Habits are very Zen in nature, as they arise from an activity that is practiced until it flows through our lives without a hitch. And without distracting us from whatever comes next. In that sense, Zen and habits are well aligned.
And like Zen, habits are also rituals—rituals of persistence. They offer you a practice in small doses until the persistence of the practice itself becomes a habit.
The caution is that habits turn into meaningless rituals when the original need has shifted, or is gone, but we just keep dialing the same “out of order” number anyway.
Or, a habit can be a smokescreen seducing us with the comfort of familiarity when something new and scary and potentially life changing is calling us over the mountain.
As an artist, you have to be very picky about which ones you start dating.
Some will move you forward; others will pluck you from the depths of being stuck, or give you unreasonable pleasure in the fulfillment of your greatest visions, while others will lure you with false promises.
Try this exercise.
Write down every habit you have around your art career, and then rate each one on a 1 to 10 scale of:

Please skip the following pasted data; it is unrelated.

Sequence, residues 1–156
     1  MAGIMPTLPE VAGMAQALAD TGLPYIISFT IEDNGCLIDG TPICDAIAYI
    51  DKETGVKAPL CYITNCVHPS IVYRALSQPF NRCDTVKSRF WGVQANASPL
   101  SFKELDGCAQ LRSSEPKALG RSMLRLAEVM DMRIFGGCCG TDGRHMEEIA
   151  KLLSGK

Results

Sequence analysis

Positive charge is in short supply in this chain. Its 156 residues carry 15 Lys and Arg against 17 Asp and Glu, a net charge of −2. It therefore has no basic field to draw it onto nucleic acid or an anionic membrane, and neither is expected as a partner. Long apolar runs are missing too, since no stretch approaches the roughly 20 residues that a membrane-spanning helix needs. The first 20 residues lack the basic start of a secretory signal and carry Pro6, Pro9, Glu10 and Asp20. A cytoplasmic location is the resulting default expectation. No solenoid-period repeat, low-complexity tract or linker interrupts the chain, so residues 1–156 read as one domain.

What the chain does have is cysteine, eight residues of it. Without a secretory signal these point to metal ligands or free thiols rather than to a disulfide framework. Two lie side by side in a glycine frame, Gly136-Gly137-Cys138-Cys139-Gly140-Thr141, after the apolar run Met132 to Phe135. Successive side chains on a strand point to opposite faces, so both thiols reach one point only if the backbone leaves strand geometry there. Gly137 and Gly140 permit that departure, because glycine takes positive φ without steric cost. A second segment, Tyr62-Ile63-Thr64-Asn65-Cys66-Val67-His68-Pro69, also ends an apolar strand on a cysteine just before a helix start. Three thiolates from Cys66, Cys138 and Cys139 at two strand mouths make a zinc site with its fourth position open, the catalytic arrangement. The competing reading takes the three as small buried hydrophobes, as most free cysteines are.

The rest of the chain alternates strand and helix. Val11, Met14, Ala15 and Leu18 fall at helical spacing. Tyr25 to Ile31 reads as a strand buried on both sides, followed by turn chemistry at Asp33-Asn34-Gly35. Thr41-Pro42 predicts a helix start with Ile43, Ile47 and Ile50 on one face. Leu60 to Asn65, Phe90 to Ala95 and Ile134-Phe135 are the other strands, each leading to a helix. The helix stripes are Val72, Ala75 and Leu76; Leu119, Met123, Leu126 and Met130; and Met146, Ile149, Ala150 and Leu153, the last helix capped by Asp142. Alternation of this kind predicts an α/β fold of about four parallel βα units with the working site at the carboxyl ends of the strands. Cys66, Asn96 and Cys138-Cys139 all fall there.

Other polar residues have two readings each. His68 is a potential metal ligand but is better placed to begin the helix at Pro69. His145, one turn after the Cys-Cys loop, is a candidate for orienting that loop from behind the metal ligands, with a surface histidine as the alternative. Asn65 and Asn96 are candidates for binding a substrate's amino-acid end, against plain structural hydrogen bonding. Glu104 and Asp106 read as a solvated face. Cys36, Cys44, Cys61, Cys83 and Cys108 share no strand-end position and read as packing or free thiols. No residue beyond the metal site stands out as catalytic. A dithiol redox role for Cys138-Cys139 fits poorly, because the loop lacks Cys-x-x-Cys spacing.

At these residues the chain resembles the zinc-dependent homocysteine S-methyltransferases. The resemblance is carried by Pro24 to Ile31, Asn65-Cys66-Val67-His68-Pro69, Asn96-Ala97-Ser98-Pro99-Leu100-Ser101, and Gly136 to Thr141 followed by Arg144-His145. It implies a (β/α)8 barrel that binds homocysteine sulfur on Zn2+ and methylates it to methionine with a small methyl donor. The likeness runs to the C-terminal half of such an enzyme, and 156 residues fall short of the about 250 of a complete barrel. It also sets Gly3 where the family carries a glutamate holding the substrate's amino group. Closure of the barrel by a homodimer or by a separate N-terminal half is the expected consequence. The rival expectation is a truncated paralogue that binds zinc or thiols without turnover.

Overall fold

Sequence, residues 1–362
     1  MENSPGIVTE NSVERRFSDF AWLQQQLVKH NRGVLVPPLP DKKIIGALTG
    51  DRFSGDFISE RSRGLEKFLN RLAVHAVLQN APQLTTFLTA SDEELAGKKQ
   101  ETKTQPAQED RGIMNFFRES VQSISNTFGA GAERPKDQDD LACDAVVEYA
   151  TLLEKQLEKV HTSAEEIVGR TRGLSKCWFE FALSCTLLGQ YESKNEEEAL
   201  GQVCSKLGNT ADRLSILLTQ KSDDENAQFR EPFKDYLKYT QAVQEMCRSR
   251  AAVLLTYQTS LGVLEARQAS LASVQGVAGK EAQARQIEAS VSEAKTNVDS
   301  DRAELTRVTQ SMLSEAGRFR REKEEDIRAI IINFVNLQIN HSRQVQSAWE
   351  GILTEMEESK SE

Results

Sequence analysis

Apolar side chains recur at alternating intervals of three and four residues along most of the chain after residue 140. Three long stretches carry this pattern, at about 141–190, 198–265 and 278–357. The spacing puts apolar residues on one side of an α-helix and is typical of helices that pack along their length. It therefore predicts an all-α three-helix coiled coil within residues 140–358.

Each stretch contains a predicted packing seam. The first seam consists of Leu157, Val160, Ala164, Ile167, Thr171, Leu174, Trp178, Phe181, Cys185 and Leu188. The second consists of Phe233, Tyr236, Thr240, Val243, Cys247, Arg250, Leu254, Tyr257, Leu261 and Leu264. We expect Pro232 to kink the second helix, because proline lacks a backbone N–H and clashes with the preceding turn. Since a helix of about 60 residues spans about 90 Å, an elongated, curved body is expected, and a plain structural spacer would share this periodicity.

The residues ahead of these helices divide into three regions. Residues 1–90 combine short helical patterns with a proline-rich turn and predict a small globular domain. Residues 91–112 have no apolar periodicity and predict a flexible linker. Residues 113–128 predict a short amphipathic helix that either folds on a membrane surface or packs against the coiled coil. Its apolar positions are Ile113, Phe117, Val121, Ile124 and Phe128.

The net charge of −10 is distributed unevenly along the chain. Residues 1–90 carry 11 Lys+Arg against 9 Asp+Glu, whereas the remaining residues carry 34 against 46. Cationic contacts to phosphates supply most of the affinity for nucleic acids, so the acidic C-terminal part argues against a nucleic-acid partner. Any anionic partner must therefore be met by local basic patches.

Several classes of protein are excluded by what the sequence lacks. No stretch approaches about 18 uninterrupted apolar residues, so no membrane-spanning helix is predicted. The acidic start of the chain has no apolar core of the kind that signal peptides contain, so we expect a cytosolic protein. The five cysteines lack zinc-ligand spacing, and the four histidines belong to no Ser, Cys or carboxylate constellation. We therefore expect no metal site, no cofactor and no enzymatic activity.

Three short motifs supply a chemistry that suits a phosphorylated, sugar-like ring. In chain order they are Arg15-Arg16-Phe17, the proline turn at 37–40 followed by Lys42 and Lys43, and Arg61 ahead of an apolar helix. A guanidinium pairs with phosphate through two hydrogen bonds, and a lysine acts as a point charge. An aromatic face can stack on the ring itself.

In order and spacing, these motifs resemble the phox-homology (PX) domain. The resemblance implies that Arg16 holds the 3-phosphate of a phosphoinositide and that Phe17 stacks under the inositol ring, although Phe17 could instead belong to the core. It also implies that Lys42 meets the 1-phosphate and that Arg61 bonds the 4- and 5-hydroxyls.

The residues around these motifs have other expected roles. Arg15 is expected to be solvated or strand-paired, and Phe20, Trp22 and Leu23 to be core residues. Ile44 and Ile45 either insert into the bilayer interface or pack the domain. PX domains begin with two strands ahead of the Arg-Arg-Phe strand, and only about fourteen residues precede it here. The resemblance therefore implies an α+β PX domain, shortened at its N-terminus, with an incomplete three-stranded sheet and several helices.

1 2 3 4 5 6 7 8 9 10
Makes Me Feel Tired Makes Me Feel Alive
You only want habits that make you feel alive because a habit takes patience, commitment, and desire. If it’s going to become a part of your life, select the ones that give you the juice of life that keeps you going.
I’d love to know 2 habits that you have in your art life that make you feel alive at a 10.
The only problem is that right now I’m acclimatizing to my new right knee – so if you comment, which I’d love, don’t despair if I don’t reply quite yet.
I promise I will when I’m allowed back in the office (end of March, early April is my best guess!).
If you want to be the first to know about the April release of “Habit One: Make Art – 3 Areas of Art Production You Can’t Ignore”
Click here to be on my first-to-know notification list.